prefix: para-; prefix: par-
beside; adjacent to.
beyond or distinct from, but analogous to.
From Greek para ‘beside’; in combinations often meaning ‘amiss, irregular’ and denoting alteration or modification.
I am a paramedic who has just started as a Paramedicine lecturer with the Auckland University of Technology in Auckland, New Zealand, and have around 20 years of prehospital experience.
I initially did a Bachelor of Arts degree at The University of Auckland, majoring in Psychology and Philosophy. While I was studying I joined St John New Zealand as a volunteer and then the New Zealand Army Territorial Force as a medic. After graduating, I went full time with the army for two years to complete my medic training before returning to a part-time role with the Territorial Force. This eventually led to full time employment with St John as an ambulance officer in Auckland in 2005.
While working for the ambulance service, I completed my Bachelor of Heath Science degree in Paramedicine by studying part-time. After becoming an Intensive Care Paramedic I moved onto other non-operational roles within the Clinical Development Team, becoming an Education tutor; Clinical Coach; Clinical Advisor in the communications centre; and working on the national ambulance air desk co-ordinating rescue helicopter responses.
The ambulance service has traditionally been a trade based role, moving over recent years into a degree based health profession. A normal part of the ambulance service when I joined was on the job apprenticeship type training and mentoring, in addition to short didactic classroom training, assignments and reflective case studies. It was also normal to mentor more junior ambulance officers as you gained experience, so teaching and education was a part of the role even if there was no formally training in how to do this. As I progressed in the army and completed my Junior NCO course, I learned to give very structured instructional lessons, broadly divided into mental skills instructions, or physical skill instructions. Although these were very good at breaking down complex skills into simple steps, it was completely instructor centred.
Things started to change for me from an educational perspective after I signed up to Twitter at the end of 2012. I came across physicians, nurses, and paramedics who were sharing perspectives and content on clinical topics. A few months before I signed up to Twitter an Emergency Physician Mike Cadogan from Western Australia had coined the term ‘FOAM’ (Free Open Access Medical Education) to refer to the collection of evolving, collaborative and interactive online resources that had been available for many years and were growing in influence. From this collection of resources has emerged an ethos and community of online educators who are passionate about sharing clinical education resources for the benefit of patients in both a contextual and asynchronous format to augment traditional education formats, connected through the hashtags #FOAM and #FOAMed (Nickson & Cadogan, 2014).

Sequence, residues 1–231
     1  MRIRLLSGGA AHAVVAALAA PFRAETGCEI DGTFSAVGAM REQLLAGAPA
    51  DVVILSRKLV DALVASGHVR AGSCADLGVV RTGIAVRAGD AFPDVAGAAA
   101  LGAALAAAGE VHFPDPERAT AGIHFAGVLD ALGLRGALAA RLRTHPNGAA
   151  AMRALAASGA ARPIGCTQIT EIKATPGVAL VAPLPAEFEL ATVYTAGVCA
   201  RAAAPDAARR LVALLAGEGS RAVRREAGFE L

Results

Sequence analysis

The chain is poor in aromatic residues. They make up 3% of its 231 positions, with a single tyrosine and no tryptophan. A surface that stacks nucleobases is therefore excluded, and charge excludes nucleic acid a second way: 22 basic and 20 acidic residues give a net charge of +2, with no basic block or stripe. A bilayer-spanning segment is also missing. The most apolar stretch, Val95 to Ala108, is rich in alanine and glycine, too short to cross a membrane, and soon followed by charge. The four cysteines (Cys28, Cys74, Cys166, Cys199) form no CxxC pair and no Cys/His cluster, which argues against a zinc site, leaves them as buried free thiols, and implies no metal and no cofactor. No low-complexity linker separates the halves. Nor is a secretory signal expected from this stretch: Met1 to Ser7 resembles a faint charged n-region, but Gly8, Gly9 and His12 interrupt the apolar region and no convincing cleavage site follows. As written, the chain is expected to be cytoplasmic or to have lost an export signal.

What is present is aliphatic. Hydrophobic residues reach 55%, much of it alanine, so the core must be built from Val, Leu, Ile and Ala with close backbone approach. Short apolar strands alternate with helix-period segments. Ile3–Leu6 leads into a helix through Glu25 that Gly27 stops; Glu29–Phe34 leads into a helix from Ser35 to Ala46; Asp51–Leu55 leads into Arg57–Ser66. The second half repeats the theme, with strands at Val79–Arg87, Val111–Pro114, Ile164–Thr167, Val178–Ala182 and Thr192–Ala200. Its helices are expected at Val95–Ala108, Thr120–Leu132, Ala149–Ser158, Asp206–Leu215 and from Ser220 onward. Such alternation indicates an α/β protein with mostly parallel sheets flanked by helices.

I found Twitter a useful tool for my own learning, giving me a network of health professionals and educators that formed a virtual learning network for me, and connecting me to a wide range of educational resources that were available in the form of blogs, podcasts, YouTube videos and more (Gottlieb, Chan, Sherbino, Yarris, & Wagner, 2017). As I worked to complete my Postgraduate Diploma in Health Science I found I was learning just as much, if not more through these alternative asynchronous resources. Social Media and evidence base academia appear as a contradiction to many health professionals, but there are now many clinicians and educators who are reconciling the use of social media with medical education (Gottlieb et al., 2017; Roland & Brazil, 2015)
As I start my first year teaching as a university lecturer, I am interested in how I can transform the pre-existing PowerPoint heavy content I have inherited. I would like to deliver it in a way that embraces the mobile devices and social medial platforms that my students use every day, to make their learning a more interactive, social, and asynchronous process. CMALT cMOOC is forcing me to think more deeply about educational learning theories and my own pedagogy, which is something I haven’t done before, and I’m excited to see where this journey takes me.
Gottlieb, M., Chan, T. M., Sherbino, J., Yarris, L., & Wagner, J. (2017). Multiple Wins: Embracing Technology to Increase Efficiency and Maximize Efforts. AEM Education and Training, 1(3), 185-190. doi:10.1002/aet2.10029
Nickson, C. P., & Cadogan, M. (2014). Free Open Access Medical education (FOAM) for the emergency physician. Emergency Medicine Australasia, 26(1), 76-83. doi:doi:10.1111/1742-6723.12191
Roland, R., & Brazil, V. (2015). Top 10 ways to reconcile social media and ‘traditional’ education in emergency care. Emergency Medicine Journal, 0, 1-4. doi:10.1136/emermed-201520502410.1136/emermed-2015-205024